One of our customers sent me an article styled “The Truth About Gun Trusts – and How Attorneys Lie to Get your Money” by FirearmConcierge, dated January 26, 2014. In a somewhat long-winded rant, FirearmConcierge is funny and made some good points.
But, he also missed the most important reasons why you should consider an NFA Firearms Trust.
It is absolutely right that it can be a big waste of money to pay any attorney to custom draft a NFA Firearms Trust. First of all, as FC points out, hardly any attorneys specialize in “gun law.” Second, while form trust documents have been around for years, a good NFA Firearms Trust is not just some form that a lawyer copies out of a book. A compliant NFA Firearms Trust has to have special provisions to ensure compliance with the National Firearms Act of 1934. For example, if the Grantor, the person creating the Trust, names a Trustee or Beneficiary who is legally disqualified from owning or possessing the device, then that person needs to be automatically removed. For example, if someone is convicted of a felony, or becomes addicted to narcotics, or losses mental competency, or becomes insane, then they can not possess any firearms. The forms in most lawyers’ offices would not address or resolve such issues.
By comparison, NFAFirearmsTrust.com has an excellent, carefully drafted, fully compliant NFA Gun Trust that is every bit as good as anything any lawyer could draft, and at a fraction of the price. This is what we do. This is what we’ve been doing for years. We do it quick and perfectly. Our software doesn’t make typos or mistakes. We’ve set up thousands of gun trusts and not one has ever been rejected by the Bureau of Alcohol, Tobacco and Firearms (“BATFE).”
Pay a lawyer to plan your estate, not to learn something we’ve already mastered.
Back to FC’s article. While its true that no Gun Trust will “keep you out of jail” and that no state requires it, a good NFA Firearms Trust provides many important protections, conveniences, and benefits. A gun trust solves some serious practical problems.
First, as FC points out, a good NFA Firearms Trust eliminates the need for you to obtain approval from your Chief Law Enforcement Officer (“CLEO”). While some may know their local sherrif on a first-name basis, CLEO approval in a big city can be a significant delay or impossible. Many CLEOs have standing policy that they never sign off on such forms, no matter the applicant. A gun trust eliminates this requirement, allowing you to bypass a difficult CLEO completely.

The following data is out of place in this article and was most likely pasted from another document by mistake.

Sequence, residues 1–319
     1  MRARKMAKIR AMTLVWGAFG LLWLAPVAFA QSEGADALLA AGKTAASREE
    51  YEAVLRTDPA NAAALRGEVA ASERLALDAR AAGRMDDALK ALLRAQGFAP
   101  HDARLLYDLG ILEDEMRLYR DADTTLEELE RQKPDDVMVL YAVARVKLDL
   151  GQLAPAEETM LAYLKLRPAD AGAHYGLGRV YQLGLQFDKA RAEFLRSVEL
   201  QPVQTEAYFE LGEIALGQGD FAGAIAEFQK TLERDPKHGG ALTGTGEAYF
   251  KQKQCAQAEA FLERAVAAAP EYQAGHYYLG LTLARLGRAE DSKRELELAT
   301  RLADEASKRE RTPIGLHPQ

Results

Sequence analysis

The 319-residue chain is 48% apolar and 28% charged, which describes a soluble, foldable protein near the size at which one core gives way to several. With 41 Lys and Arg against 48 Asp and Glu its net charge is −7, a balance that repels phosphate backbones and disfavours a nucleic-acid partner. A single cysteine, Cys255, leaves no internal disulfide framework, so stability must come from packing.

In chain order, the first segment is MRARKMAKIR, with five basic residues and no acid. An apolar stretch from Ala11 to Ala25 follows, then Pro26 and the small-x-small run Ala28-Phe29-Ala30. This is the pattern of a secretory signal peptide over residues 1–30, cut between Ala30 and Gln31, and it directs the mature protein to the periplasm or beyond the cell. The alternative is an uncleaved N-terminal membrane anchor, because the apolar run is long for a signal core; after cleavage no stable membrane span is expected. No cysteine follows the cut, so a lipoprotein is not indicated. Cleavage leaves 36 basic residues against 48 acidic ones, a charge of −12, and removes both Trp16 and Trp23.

Second, a good NFA Trust also eliminates the need for fingerprints and photographs. So, if you value your privacy, a NFA Firearms Trust may be for you.
Third, with a NFA Firearms Trust you are able to effectively “share” firearms with people you trust by making them Trustees and providing in the document that they have the right to possess and use the specified devise. Otherwise, the sole registered owner needs to be present any time someone is using or even just examining the firearm. As FC’s letter from the ATF points out, without a trust, your federally-regulated firearm must remain in your possession, meaning within your sight. With a gun trust, any of the authorized users may legally possess the firearm. In other words, individual ownership of the item would prevent you from sharing it with a friend or relative. You would have to go with them to the range any time you wanted to let them use it.
Fourth, a well drafted NFA Trust should never be made “irrevocable”. While we have heard of lawyers and some of the cheap knock-off websites making this foolish mistake, the Grantor should not relinquish his right to make changes to the terms of the trust. Specifically, the ability to add devices and add or change Trustees and Beneficiaries is one an important feature of a well written NFA Firearms Trust (like ours).
While much of FA’s article is humorous, his rants make several important points. You have to keep a copy of your paperwork together with your NFA firearm or device if you want to avoid trouble. We agree with FC that shops that trick their customers into establishing a trusts without them even knowing is awful. If you are ever stopped by law enforcement without the paperwork, you will very likely wind up explaining things to a judge, which will likely be another huge waste of money with your lawyer.
It is also funny that FC bought his trust form at OfficeMax. This probably explains why he is so hot about lawyers. (Not the point of this article, but we couldn’t resist pointing that out…)
We agree with FC that it is absolutely horrible that some lawyers rely on scare tactics. No only that, but they rely on false scare tactics. If they need to resort to threatening jail-time to sell something they obviously know nothing about, that’s embarrassing to the profession.
We don’t use scare tactics on our site. In fact, we’ve maintained for years that such scare tactics are nonsense. See this quote from our F.A.Q.s:
There are a lot of scare tactics on the internet regarding invalid trusts. I’m sure you’ve also seen people claiming that if a trust has some minor flaw, then “poof” – it is gone and all trustees are committing felonies by owning the items without ATF approval. This is nonsense. A trust with an error doesn’t “poof” or vanish, it is simply defective. The defective trust still has been approved for the transfer of the item, so no one should or could get in trouble in that regard. Plus, defects can be cured.
The benefits of a Gun Trust are simple and numerous:
FC is right, Gun Trusts might not be for everyone. However, if you decide one is right for you, remember that a trusted source, like NFAFirearmsTrust.com, has fairly priced documents, drafted by experienced lawyers, tested by thousands of applications, and supported by a money back guarantee, and is absolutely the best assurance of a successful outcome.